What Is an Ohio Lottery Bond?
If you’d like to become a lottery retail agent in Ohio, you need to post an Ohio lottery bond. It’s a necessary criterion in getting your registration with the Ohio Lottery Commission. Many states require lottery retailers to get a lottery bond.
The goal of the bond is to guarantee that lottery retailers in the state will follow applicable rules, such as the Ohio Revised Code Title . The bond protects the state lottery from non-payment on ticket sales, or other financial fraud on the side of retailers.
The Ohio lottery bond functions like most other surety bonds do. It constitutes a contractual agreement between three parties. Your lottery retailer business is the principal who has to obtain the bond. The Ohio Lottery Commission is the obligee, and the surety is the entity that underwrites the bond.
Questions about Lottery Lotto Bonds in Ohio
Who needs to obtain an Ohio lottery bond?
If you’d like to operate as a lottery retailer in Ohio, you will need to meet the Ohio lottery bond requirements in order to be granted this right. Some KENO retailers may be exempt from this requirement under the Liability Deposit program and can submit a refundable deposit instead. However, in that case you’ll need to have your weekly liabilities monitored by the state Lottery.
The bond is needed to guarantee your retail business will follow state regulations governing the license. This also entails protection for the Ohio Lottery and your customers, against non-payment of monies that you may owe for sold or winning tickets.
How much does an Ohio lottery bond cost?
The bond price you have to pay depends on the lottery bond amount that you have to provide. In Ohio, the current required bond amount is set at $15,000.
Your bond premium, however, is only a fraction of the bond amount you need to post. If you qualify for the standard bonding market, you are likely to get a rate of 1% to 5%. This means that for a $15,000 bond, your premium may be in the range of $150 to $750.
Your exact bond cost is formulated on the basis of your personal and business finances. When you apply for a bond, your surety has to examine your personal credit score, business financials, assets and liquidity, and even your professional experience. If your overall profile is strong, you will be seen as a low-risk applicant and will get a lower bond price.
For more details on how your bond premium is set, our surety bond cost page is a good resource to consult.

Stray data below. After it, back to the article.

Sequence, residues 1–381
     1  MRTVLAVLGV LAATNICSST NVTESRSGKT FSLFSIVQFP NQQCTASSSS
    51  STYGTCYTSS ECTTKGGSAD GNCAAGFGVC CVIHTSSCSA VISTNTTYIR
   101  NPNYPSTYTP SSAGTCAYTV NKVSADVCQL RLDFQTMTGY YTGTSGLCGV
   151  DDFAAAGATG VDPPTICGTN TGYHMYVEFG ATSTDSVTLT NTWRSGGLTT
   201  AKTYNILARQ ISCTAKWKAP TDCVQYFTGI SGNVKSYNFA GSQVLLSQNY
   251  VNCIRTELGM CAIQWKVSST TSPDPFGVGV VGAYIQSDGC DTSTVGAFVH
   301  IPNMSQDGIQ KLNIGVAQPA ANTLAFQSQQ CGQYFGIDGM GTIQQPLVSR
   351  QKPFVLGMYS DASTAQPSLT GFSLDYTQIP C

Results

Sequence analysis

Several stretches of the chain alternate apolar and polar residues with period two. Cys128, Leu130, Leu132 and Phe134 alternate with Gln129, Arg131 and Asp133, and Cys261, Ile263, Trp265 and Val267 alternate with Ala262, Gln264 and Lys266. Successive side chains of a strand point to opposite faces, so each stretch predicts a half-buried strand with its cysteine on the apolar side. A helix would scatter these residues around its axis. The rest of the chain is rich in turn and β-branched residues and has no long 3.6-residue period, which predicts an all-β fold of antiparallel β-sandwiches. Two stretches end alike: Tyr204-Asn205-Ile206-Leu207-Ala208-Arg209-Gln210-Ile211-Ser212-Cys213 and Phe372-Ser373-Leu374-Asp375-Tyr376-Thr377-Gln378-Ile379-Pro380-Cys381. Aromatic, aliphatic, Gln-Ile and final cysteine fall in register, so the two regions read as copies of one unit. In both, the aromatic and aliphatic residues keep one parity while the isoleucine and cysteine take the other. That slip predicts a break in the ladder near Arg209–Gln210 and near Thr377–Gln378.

|Bond Type||Surety Bond Amount||Credit Sore|
|Above 700||Between 650-699||Between 600-649||Below 599|
|Ohio Lottery Bond||$15,000||$112-$250||$150-$375||$375-$750||$750-$1,500|
Can I get bonded with bad credit?
Lance Surety Bonds operates its Bad Credit Surety Bonds program for applicants with problematic finances. It’s designed to assist lottery retail agents with low credit scores, tax liens, bankruptcies, or civil judgements to get the bond they need.
The typical bad credit bonding rates for Ohio lottery bonds are between 5% and 10%. The slightly higher price is there to compensate for the increased bonding risk. Still, you are guaranteed a top price with us. We have close partnerships with a number of A-rated, T-listed surety companies, so we can offer you a great bonding option no matter what.
How do I get my Ohio lottery bond?
Apply online to get your free Ohio lottery bond quote in no time. You can also complete the full application and attach the needed documents in order to receive your exact bond price.
Need more information? Our How to Get Bonded page is a helpful resource about the intricacies of the bonding process.
For further questions, we are here to help. Just call us at (877) 514-5146.
How are bond claims handled for Ohio lottery bonds?
Your lottery bond doesn’t work like insurance for your business. Its purpose is to protect the Ohio Lottery and your customers from fraudulent activities you might engage in.
That’s why if you transgress the rules set in the bond, you might get a claim on your bond. On proven claims, affected parties can get a compensation up to the penal sum of your bond. While your surety will cover all costs at first, you have to repay it in full soon after.
Avoiding claims is the best course of action for your business. They can harm your finances and reputation and may prevent you from getting bonded in the future.